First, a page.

As India Violence Gets Worse, Police Are Accused of Abusing Muslims (NY Times)
NAGINA, India — The teens were trapped.
As the protest broke up, Indian police officers in the town of Nagina chased a group of Muslim teenagers into an empty house. They grabbed them and took them to a makeshift jail. And then, the boys and community leaders said, the officers tortured them.
Four of the boys, who ranged in age from 13 to 17, said in interviews with The New York Times that police officers used wooden canes to beat them and threatened to kill them for taking part in demonstrations against a divisive citizenship law that has fueled rallies and rioting across India. Three had obvious signs of deep bruising or other injuries.
Many Indians fear that the new law, which is seen as a huge political victory for Prime Minister Narendra Modi and his Hindu nationalist base, is blatantly discriminatory toward Muslims and threatens the very foundation of India as a secular and tolerant nation.
In Uttar Pradesh, the northern Indian state where Nagina is and the one with the most Muslim residents, the rioting has been among the most intense, and the violent backlash from the police has been the most deadly and troubling.
According to accounts by the detained boys in Nagina, along with family members and other officials in their town who spoke to them immediately after they were released, police officers over the course of 30 hours terrorized them and others who had been demonstrating on Dec. 20.
Police officials in the town deny that any abuse happened, or that minors had been detained at all around that time.
“They were so scared that hardly anyone could speak,” said Khalil-ur-Rehman, a municipal officer in Nagina who met the children at a police station as soon as they were released on Dec. 22. “How do you justify detaining minors, let alone beating them black and blue?”
As the Indian authorities struggle to contain the nationwide protests, more accounts are emerging of abuse meted out by police officers.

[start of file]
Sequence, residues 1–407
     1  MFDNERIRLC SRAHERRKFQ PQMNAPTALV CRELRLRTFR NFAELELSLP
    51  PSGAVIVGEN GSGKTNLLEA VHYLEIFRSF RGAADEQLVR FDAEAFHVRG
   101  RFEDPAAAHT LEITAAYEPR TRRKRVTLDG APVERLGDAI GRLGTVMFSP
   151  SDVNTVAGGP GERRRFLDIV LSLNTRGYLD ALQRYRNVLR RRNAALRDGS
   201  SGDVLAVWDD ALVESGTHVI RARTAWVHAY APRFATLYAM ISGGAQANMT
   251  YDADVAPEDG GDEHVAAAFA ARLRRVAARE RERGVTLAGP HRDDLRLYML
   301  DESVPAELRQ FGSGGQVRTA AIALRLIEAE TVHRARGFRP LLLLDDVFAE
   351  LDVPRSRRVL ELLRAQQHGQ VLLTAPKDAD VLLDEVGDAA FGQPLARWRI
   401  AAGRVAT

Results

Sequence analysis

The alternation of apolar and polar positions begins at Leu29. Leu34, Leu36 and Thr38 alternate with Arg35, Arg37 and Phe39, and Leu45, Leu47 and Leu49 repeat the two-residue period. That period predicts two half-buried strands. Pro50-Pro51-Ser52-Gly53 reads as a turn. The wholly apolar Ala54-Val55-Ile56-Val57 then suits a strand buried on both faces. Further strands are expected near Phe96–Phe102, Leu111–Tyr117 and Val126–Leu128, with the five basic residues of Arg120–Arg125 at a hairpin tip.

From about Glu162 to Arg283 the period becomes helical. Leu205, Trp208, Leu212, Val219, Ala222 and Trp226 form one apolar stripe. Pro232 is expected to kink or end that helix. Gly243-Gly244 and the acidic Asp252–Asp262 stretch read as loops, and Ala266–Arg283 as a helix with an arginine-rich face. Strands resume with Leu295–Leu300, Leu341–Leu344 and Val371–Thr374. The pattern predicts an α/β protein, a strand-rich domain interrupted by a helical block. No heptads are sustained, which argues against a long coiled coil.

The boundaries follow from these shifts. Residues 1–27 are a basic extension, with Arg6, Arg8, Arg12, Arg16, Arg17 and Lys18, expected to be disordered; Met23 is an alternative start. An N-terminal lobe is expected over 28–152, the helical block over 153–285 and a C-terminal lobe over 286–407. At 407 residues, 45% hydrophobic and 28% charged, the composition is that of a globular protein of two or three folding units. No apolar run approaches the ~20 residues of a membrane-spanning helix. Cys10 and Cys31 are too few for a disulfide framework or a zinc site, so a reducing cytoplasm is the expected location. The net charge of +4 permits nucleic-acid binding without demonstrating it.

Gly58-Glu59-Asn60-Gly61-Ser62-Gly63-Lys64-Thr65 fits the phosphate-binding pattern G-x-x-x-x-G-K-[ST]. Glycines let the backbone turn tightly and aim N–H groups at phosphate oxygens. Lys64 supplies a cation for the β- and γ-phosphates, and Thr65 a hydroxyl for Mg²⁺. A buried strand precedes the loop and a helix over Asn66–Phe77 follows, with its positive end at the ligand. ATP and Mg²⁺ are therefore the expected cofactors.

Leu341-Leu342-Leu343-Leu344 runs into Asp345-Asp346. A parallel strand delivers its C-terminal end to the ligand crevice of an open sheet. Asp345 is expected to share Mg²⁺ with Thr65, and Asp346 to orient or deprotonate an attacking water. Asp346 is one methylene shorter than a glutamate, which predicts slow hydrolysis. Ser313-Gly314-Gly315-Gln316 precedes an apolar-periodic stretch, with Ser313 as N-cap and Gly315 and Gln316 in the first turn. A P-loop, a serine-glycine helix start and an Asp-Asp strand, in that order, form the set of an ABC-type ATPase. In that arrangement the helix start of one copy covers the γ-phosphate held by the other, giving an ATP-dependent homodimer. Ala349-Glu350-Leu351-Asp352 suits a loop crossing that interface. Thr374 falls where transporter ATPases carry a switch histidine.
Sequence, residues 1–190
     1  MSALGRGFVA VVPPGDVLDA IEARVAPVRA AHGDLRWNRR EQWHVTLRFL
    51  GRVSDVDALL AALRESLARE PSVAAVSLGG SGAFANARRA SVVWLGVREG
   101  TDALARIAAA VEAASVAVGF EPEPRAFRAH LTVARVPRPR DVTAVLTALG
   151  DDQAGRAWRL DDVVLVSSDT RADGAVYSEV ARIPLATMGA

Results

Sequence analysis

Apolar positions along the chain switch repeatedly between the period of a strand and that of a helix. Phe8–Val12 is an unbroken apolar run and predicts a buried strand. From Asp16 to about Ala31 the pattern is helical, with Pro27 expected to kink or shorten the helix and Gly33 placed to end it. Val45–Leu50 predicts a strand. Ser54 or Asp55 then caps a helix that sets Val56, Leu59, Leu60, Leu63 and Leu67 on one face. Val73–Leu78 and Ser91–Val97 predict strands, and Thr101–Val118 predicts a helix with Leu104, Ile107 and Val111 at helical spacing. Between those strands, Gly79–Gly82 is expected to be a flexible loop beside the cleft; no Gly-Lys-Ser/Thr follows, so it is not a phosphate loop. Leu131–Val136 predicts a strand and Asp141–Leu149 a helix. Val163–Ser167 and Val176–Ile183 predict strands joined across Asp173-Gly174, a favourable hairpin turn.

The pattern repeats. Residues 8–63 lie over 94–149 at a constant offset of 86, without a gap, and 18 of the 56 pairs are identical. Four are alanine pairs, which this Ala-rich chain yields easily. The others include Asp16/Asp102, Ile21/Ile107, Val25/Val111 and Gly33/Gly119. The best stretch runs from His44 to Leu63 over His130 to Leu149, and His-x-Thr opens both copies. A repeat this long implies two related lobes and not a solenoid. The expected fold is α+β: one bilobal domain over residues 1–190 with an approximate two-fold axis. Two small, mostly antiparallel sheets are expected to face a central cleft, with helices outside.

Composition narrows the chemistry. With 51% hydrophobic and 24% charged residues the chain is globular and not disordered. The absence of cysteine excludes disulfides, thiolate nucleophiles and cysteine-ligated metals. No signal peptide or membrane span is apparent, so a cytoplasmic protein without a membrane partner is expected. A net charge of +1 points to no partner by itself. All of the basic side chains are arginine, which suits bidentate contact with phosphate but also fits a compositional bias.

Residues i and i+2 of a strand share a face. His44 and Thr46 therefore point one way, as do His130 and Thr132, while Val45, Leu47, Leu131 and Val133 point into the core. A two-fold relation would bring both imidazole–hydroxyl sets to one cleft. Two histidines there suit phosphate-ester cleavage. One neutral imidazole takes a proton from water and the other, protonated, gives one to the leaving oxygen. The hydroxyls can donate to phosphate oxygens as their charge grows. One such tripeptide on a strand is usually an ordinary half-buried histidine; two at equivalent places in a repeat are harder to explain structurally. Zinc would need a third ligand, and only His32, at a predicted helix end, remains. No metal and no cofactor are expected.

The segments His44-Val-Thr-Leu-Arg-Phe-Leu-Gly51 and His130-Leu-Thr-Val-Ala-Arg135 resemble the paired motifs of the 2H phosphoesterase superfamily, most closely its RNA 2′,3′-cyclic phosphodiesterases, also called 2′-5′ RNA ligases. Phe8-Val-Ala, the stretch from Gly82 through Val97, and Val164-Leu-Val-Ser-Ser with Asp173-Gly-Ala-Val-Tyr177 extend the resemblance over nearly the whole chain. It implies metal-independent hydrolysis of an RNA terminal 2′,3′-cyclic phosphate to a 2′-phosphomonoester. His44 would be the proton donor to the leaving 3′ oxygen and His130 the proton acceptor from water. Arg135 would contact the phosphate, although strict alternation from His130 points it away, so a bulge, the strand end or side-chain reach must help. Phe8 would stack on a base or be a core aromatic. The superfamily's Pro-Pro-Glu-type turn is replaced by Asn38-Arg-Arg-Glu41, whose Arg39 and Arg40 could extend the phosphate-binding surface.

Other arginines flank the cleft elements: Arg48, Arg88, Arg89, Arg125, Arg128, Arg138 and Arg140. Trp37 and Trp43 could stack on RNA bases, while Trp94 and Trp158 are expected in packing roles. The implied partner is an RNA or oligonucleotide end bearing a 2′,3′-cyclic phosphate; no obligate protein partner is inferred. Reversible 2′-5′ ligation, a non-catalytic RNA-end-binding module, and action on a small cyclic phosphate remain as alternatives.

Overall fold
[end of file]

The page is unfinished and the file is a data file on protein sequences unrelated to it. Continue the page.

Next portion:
According to interviews with more than three dozen people in several Uttar Pradesh towns, almost all the violence has been directed toward Muslim residents. More people — at least 19 — have been killed in this state during the protests than anywhere else in India.
Witnesses said that police officers opened fire on demonstrators with live ammunition, broke into houses and stole money, and threatened to rape women. The BBC aired footage showing police officers knocking down security cameras in a Muslim neighborhood and shattering the windows of parked cars.
The Indian news media has reported that Uttar Pradesh police officers were encouraged by their superiors to kill protesters engaged in violence, but that innocent people were also targeted. In one case, officers smacked a 72-year-old Muslim man with a rifle butt, telling him, “Muslims have only two places: Pakistan or the graveyard.”
Harsh Mander, a human rights activist who formerly worked in India’s civil service, said he visited homes resembling “wastelands,” where the police had destroyed kitchens, smashed television sets and threatened to seize property. He said the authorities had interpreted the citizenship law as giving them license to force Muslims into neighboring Pakistan and, as they see it, “settle the unfinished business of Partition.”
“The police have become a lynch mob,” he said.
Police and state officials have denied using excessive force or singling out Muslims. They have emphasized the need to preserve order and protect innocent people against “radical groups” with “deep-rooted conspiracies” to commit violent acts.
“The kind of action the government is taking against rioters has become an example for the entire country,” read a Friday tweet from the office of Yogi Adityanath, Uttar Pradesh’s chief minister and a close ally of Mr. Modi.
But many residents accuse Uttar Pradesh officials of mounting an organized campaign to terrify Muslims into submission. The new citizenship bill, which creates a special path for non-Muslim migrants in India to receive citizenship, has provoked the biggest backlash Mr. Modi has faced since becoming prime minister in 2014.
In Uttar Pradesh, where destructive riots erupted and protesters vandalized property, there is a growing number of accounts of police officers having been given the green light by senior officials to use harsh measures.
In an audio recording that some residents and officials say features the voice of Sanjeev Tyagi, the superintendent of police in the Bijnor district, which includes Nagina, a man orders police officers to “break the arms and legs of those throwing stones at police stations.”
“Go and fix them,” he said.